In 1655, according to his autobiographical notes, Hooke began to acquaint himself with astronomy, through the good offices of John Ward. Hooke applied himself to the improvement of the pendulum and in 1657 or 1658, he began to improve on pendulum mechanisms, studying the work of Riccioli, and going on to study both gravitation and the mechanics of timekeeping. Hooke recorded that he conceived of a way to determine longitude (then a critical problem for navigation), and with the help of Boyle and others he attempted to patent it. In the process, Hooke demonstrated a pocket-watch of his own devising, fitted with a coil spring attached to the arbour of the balance. Hooke's ultimate failure to secure sufficiently lucrative terms for the exploitation of this idea resulted in its being shelved, and evidently caused him to become more jealous of his inventions. There is substantial evidence to state with reasonable confidence, as Ward, Aubrey, Waller and others all do, that at the very least Hooke developed the spring escapement independently of and some fifteen years before Huygens, who published his own work in Journal de Scavans in February of 1675. Henry Sully, writing in Paris in 1717, described the watch escapement as "an admirable invention of which Dr. Hook, formerly professor of geometry in Gresham College at London, was the inventor." Derham also attributes it to Hooke.


Royal Society

The Royal Society was founded in 1660, and in April 1661 the society debated a short tract on the rising of water in slender glass pipes, in which Hooke reported that the height water rose was related to the bore of the pipe (due to what is now termed capillary action). His explanation of this phenomenon was subsequently published in Micrography Observ. issue 6, in which he also explored the nature of "the fluidity of gravity". On November 5, 1661, Sir Robert Moray proposed that a Curator be appointed to furnish the society with Experiments, and this was unanimously passed with Hooke being named. His appointment was made on 12 November, with thanks recorded to Dr. Boyle for releasing him to the Society's employment.

In 1664, Sir John Cutler settled an annual gratuity of fifty pounds on the Society for the founding of a Mechanick Lecture, and the Fellows appointed Hooke to this task. On June 27 1664 he was confirmed to the office, and on 11 January 1665 was named Curator by Office for life with an additional salary of 30 to Cutler's annuity.

Hooke's role at the Royal Society was to demonstrate experiments from his own methods or at the suggestion of members. Among his earliest demonstrations were discussions of the nature of air, the implosion of glass bubbles which had been sealed with comprehensive hot air, and demonstrating that the Pabulum vitae and flammae were one and the same. He also demonstrated that a dog could be kept alive with its thorax opened, provided air was pumped in and out of its lungs, and noting the difference between venous and arterial blood. There were also experiments on the subject of gravity, the falling of objects, the weighing of bodies and measuring of barometric pressure at different heights, and pendulums up to 200ft long.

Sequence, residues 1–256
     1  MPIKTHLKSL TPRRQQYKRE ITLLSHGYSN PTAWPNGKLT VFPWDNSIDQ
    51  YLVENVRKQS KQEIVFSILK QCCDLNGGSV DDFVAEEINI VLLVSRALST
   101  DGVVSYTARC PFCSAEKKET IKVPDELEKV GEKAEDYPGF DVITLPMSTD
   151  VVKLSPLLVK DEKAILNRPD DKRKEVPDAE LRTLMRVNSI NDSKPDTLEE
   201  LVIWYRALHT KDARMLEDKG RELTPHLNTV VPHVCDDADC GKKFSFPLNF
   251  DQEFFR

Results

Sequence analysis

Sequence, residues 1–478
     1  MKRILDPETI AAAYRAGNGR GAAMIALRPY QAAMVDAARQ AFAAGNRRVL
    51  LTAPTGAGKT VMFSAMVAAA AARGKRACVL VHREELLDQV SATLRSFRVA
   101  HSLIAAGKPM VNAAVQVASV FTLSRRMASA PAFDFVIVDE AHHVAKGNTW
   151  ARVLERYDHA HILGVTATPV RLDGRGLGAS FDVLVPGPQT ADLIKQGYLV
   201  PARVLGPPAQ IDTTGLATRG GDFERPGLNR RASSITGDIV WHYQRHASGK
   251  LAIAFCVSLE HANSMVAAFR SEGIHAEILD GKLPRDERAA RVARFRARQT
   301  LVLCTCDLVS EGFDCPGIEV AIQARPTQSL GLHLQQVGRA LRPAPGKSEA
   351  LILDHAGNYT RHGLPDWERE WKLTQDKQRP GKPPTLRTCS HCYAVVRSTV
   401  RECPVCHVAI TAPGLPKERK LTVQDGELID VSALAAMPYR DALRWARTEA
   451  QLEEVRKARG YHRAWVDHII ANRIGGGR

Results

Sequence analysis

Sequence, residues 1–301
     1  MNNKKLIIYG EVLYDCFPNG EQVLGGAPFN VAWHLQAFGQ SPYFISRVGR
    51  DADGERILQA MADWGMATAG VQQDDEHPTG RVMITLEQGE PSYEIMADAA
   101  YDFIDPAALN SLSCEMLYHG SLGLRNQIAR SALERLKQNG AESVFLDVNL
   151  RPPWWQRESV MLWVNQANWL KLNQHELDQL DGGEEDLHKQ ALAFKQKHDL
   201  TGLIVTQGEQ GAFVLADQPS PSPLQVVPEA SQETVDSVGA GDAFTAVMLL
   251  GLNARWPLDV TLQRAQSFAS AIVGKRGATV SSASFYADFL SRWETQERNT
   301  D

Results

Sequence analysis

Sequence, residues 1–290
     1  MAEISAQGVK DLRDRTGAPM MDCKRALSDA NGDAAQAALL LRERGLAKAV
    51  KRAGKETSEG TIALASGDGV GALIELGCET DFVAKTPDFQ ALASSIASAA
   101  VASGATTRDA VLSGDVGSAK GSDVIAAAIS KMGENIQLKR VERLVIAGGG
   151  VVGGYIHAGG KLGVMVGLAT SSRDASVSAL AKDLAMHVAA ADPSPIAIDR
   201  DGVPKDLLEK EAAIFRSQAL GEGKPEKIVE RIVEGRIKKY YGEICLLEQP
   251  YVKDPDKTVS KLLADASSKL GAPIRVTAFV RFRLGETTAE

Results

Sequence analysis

Instruments were devised to measure a second of arc in the movement of the sun or other stars, to measure the strength of gunpowder, and in particular an engine to cut teeth for watches, much finer than could be managed by hand, an invention which was, by Hooke's death, in constant use.

In 1663 and 1664 Hooke produced his microscopical observations, subsequently collated in Micrographia in 1665.

On March 20, 1664, Hooke succeeded Arthur Dacres as Gresham Professor of Geometry.


Personality and disputes

Much has been written about the unpleasant side of Hooke's personality, starting with comments by his first biographer, Richard Waller, that Hooke was "in person, but despicable" and "melancholy, mistrustful, and jealous." Waller's comments influenced other writers for well over two centuries, so that a picture of Hooke as a disgruntled, selfish, anti-social curmudgeon dominates many older books and articles. For example, Arthur Berry said that Hooke "claimed credit for most of the scientific discoveries of the time." Sullivan wrote that Hooke was "positively unscrupulous" and possessing an "uneasy apprehensive vanity" in dealings with Newton. Manuel used the phrase "cantankerous, envious, vengeful" in his description. More described Hooke having both a "cynical temperament" and a "caustic tongue." Andrade was more sympathetic, but still used the adjectives "difficult", "suspicious", and "irritable" in describing Hooke.